"Mindy McCarty-Stewart, the principal of Mason High School in Ohio, canceled a student-led event that invited girls to spend a day wearing a Muslim headscarf and issued an apology, adding that the school received numerous messages that forced her to reconsider the event's ability to meet its goal of combating stereotypes."
In that one sentence, Gentle Reader is offered a panoramic view of the trouble with American education, society and politics. What's wrong with letting girls wear a Muslim headscarf to class?
What next -- will boys be told not to wear yarmulkes (those skullcaps Jewish males wear) lest they risk looking like a stereotype?
What is a stereotype, anyway, but a generalization -- and how think without generalizing? And what's a high-school principal doing responding to "messages" telling her to cancel a school event lest she commit, horrors, a stereotype? Behind such messages there is always a threat: Violate the canons of political correctness by admitting that some of us have different customs, even come from different ethnic groups or practice different religions, and you'll be accused of the gravest offense against current socio-political fashion: stereotyping.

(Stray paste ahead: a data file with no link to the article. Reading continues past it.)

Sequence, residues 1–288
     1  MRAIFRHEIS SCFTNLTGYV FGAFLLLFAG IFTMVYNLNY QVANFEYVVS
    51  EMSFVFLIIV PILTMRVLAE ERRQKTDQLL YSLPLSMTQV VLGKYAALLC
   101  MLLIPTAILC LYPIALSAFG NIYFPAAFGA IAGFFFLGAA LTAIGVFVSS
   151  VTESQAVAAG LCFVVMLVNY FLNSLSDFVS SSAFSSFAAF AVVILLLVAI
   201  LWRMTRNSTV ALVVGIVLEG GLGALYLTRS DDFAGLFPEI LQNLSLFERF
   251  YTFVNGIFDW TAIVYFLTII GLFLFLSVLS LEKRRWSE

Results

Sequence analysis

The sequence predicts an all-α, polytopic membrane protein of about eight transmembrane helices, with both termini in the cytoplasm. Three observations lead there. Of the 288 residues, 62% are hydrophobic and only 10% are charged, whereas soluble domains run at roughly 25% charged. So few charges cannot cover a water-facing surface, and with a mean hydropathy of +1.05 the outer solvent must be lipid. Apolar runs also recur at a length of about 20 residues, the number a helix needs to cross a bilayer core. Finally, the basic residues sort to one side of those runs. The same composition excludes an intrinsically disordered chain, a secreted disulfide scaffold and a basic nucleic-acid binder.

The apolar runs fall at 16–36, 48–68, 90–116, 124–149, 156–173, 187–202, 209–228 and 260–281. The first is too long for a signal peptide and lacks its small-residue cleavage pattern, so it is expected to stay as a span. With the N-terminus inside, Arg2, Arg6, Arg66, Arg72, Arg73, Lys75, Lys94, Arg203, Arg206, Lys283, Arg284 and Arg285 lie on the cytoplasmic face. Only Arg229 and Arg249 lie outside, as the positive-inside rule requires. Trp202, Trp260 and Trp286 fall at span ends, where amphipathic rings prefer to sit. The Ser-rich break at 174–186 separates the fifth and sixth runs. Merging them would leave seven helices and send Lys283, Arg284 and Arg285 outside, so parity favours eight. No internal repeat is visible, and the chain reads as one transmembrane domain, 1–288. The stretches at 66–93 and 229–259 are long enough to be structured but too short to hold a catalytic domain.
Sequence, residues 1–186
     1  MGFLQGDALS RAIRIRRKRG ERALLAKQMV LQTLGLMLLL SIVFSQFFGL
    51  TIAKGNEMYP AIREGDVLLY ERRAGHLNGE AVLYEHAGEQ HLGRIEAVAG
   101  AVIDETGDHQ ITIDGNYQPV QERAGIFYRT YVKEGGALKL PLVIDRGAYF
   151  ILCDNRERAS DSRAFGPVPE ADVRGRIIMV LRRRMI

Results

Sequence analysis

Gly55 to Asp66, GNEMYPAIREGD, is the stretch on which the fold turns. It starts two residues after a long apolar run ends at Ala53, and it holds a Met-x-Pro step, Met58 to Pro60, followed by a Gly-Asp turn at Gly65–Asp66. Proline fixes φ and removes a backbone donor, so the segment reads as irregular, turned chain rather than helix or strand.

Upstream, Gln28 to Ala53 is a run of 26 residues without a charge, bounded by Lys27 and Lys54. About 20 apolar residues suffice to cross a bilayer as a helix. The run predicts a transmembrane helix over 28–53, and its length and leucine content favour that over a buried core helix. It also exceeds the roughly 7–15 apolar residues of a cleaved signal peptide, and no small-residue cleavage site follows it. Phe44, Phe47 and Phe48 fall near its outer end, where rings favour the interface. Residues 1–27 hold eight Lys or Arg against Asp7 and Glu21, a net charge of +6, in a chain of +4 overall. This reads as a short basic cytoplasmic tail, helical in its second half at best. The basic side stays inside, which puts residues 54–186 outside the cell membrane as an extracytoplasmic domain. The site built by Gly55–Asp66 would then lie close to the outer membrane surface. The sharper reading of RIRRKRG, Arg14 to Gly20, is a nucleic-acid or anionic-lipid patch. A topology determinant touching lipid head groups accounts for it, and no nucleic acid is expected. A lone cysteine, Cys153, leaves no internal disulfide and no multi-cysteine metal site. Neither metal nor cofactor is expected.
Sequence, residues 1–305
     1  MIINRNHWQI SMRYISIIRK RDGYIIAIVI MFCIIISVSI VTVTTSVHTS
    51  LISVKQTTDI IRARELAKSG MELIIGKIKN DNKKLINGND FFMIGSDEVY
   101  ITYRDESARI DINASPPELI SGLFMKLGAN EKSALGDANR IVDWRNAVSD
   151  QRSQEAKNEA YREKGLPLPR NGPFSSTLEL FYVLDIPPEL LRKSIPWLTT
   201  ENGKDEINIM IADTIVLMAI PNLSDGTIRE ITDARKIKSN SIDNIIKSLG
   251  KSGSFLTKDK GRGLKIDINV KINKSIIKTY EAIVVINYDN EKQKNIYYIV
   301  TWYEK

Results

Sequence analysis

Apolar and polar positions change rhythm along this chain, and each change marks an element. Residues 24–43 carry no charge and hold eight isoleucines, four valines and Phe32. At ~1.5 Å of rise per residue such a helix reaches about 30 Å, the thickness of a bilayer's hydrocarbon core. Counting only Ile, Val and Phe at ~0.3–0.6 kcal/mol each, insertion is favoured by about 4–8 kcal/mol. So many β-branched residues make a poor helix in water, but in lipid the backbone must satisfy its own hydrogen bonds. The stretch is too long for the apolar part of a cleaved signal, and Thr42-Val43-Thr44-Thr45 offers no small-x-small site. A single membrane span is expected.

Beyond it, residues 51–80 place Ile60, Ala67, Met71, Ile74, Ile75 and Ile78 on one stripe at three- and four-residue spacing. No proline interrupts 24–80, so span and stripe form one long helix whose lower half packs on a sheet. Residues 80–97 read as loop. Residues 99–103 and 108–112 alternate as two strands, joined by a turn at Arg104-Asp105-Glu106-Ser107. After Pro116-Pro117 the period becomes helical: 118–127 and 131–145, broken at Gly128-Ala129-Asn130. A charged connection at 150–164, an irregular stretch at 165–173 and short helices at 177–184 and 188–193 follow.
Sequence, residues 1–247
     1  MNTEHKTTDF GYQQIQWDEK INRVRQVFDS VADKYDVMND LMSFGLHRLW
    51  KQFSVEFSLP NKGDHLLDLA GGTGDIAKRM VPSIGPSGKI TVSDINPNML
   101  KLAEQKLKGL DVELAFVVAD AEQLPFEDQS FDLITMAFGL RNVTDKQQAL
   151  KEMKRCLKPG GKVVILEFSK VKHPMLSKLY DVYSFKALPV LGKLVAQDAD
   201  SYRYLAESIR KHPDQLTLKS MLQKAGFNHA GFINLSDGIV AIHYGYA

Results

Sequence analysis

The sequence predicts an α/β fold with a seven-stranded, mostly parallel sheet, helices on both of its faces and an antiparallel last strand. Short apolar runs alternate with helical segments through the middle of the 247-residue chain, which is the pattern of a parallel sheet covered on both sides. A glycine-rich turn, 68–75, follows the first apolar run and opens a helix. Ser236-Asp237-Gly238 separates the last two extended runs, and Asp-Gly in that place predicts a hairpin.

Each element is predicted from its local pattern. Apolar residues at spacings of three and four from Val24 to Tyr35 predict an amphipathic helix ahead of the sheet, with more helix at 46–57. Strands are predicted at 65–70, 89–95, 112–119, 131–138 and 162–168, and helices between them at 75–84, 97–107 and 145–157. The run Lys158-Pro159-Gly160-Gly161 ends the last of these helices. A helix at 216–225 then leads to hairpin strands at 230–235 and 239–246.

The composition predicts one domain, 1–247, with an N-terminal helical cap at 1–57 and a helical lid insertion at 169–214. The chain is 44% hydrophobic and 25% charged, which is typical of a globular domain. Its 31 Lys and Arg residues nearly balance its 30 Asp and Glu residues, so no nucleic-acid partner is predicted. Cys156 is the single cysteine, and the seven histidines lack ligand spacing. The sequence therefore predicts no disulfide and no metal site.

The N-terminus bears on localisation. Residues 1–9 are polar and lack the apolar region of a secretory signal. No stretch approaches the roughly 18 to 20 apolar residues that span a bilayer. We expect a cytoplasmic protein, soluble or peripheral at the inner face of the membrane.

You have to wonder: Why trust teachers, sponsors of school clubs, all those we put in charge of our children's extracurricular activities, to make their own decisions if some bureaucrat in the principal's office is going to overrule them at the first hint of political pressure? Aren't we supposed to celebrate and honor our diversity in this country? Isn't that supposed to be one of our strengths? Then why squash any outward sign of it, like a headscarf?